This tester would much prefer this automatic over the continuously variable transmission that is the only automatic gearbox option on other Chrysler Group models to use the 2.4-litre World Engine.

Our test drive on the outskirts of Queenstown in New Zealand not only revealed that the 2.4-litre engine is a bit disappointing when it comes to performance, but also that Avenger could indeed handle a much more potent engine.

This is a very confident car with an excellent ride and very good handling.

Dodge fitted the Australian Avenger with the Euro suspension setting, which is quite comfortable, without giving up body control.

The Avenger sits fairly flat in the turns and responds quite well, yet its suspension is quite compliant and absorbs some rather nasty bumps with ease.

Customers who have to drive on poorly maintained country roads, or pot-holed city streets for that matter, are likely to appreciate this tuning.

The steering has been given a firm feel and there is a reasonable amount of feedback.

It all makes you wonder how well this car would perform with a spicy engine under the bonnet.

The brakes are pretty good, although the anchors in one of the test cars started to fade at the bottom of a very long and arduous descent, but to be fair the hill was so steep that there were signs suggesting motorists test their brakes.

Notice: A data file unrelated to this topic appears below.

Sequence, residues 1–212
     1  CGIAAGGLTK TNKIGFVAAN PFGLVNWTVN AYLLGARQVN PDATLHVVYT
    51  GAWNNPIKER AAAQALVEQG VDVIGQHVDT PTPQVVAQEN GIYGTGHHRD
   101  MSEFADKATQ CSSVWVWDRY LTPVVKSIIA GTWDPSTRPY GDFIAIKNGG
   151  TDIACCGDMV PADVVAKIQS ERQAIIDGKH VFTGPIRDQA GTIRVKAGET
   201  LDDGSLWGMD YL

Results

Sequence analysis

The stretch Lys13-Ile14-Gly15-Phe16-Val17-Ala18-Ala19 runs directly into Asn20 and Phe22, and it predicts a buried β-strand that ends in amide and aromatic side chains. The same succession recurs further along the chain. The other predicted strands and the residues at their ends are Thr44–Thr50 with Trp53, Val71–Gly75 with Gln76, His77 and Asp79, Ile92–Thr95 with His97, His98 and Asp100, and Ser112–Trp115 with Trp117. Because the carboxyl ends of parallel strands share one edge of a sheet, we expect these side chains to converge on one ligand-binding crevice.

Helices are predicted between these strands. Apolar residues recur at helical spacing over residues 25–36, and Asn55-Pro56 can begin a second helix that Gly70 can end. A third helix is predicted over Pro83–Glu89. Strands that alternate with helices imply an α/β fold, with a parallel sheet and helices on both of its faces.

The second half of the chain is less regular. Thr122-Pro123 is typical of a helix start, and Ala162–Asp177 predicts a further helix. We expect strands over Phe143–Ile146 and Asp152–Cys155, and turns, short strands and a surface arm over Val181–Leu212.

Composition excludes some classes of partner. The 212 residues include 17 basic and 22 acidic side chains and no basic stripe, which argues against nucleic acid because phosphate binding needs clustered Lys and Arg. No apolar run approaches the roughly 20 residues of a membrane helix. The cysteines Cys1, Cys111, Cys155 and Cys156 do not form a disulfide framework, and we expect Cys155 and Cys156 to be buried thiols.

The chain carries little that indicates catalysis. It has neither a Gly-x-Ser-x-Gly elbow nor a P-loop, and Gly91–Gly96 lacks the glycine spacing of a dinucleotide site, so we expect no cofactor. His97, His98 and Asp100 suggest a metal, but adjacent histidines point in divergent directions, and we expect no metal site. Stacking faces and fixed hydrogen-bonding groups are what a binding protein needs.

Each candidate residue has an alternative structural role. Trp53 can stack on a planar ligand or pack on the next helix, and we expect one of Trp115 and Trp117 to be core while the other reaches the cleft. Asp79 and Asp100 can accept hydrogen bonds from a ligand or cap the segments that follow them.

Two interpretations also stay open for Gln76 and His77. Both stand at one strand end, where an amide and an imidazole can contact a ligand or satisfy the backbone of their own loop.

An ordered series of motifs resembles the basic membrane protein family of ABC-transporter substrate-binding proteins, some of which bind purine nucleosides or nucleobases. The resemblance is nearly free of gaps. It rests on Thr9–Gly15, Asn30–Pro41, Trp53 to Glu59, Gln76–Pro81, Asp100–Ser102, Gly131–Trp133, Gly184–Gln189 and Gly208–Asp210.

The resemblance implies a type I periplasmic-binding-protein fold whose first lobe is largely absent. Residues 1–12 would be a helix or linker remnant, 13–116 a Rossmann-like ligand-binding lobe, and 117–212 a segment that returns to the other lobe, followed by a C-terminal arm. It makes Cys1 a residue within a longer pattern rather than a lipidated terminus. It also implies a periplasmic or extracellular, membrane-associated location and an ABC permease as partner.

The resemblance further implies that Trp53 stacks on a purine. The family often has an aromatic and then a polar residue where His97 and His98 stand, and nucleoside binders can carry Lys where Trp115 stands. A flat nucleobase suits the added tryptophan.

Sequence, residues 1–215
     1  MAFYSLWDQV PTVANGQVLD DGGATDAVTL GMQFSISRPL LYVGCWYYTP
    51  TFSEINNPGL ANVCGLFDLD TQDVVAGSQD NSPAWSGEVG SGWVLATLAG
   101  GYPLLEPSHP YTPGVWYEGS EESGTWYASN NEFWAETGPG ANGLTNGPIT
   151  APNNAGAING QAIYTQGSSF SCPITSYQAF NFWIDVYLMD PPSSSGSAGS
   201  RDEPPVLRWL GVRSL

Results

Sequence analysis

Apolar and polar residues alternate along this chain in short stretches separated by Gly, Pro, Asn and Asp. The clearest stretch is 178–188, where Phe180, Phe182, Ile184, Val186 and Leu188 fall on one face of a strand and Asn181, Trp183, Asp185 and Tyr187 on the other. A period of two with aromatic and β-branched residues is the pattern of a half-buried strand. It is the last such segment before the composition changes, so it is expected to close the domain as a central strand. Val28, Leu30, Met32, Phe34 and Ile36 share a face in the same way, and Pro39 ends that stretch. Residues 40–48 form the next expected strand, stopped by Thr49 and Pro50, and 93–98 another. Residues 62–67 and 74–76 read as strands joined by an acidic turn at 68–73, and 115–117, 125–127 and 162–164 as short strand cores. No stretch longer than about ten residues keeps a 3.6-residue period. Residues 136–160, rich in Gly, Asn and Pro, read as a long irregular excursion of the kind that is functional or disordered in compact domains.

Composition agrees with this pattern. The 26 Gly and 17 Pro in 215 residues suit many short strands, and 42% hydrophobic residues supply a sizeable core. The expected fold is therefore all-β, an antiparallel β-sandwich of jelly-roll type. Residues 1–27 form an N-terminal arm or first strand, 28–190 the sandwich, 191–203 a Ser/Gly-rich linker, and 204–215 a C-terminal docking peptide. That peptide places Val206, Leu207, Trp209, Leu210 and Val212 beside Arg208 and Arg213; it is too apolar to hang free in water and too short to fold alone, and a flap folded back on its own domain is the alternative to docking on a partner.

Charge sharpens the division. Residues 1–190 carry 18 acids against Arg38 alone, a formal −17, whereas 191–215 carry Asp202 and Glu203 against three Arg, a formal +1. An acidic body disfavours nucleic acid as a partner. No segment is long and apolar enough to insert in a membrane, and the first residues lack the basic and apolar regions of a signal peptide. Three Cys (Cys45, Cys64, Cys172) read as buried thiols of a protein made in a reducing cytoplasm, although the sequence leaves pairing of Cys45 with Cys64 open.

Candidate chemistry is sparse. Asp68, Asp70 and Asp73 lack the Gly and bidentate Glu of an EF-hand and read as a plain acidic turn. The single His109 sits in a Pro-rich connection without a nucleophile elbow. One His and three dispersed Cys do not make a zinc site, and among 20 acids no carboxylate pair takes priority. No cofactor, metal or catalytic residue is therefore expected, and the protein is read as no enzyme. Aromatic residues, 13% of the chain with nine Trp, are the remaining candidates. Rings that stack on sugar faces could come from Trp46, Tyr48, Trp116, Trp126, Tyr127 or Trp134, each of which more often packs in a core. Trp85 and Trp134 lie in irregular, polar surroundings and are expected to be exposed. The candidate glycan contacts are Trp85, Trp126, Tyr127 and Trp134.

Interior space is good, with ample legroom and headroom for front and rear passengers.

The boot is on par for this size of vehicle and it has split/folding rear seats so you can carry longer items.

Neither the SX or SXT seats are the most comfortable. You tend to sit on both the leather trimmed SXT seats and also the fabric seats in the SX, but at least you tend not to slide around on the SX seats, which are made from a durable stain-resistant material.

That said, there is something nice about heated seats in winter.

Four adults can sit comfortably, but the middle rear seat back is so hard that it is almost unusable except for short journeys. This is largely because of the fold-down armrest that flips back into the seatback. At least it features two cup-holders.

The interior quality is not the greatest in the Avenger and some of the plastic surfaces don’t quite match those found in its Honda and Toyota rivals.

Another poor design feature is the gloss white-backed instrument cluster, which may look cool with a sort of iPod plastic look, but is actually pretty hard to read, especially when you are trying to stick bang on 100km/h.

There are some nice interior features that should please buyers including the chilled bin to keep drinks cool and the map lights in the roof that can swivel around, much like the reading lights in an aeroplane.

Unfortunately there were also some squeaks and rattles in some of the test cars.

Overall, the Avenger is a competent mid-sized sedan that offers good value for money.

It might have the exterior styling of a super hero and pin-sharp pricing togo with it, but under its suit of steel the Avenger is more like its cardigan-wearing rivals than you think.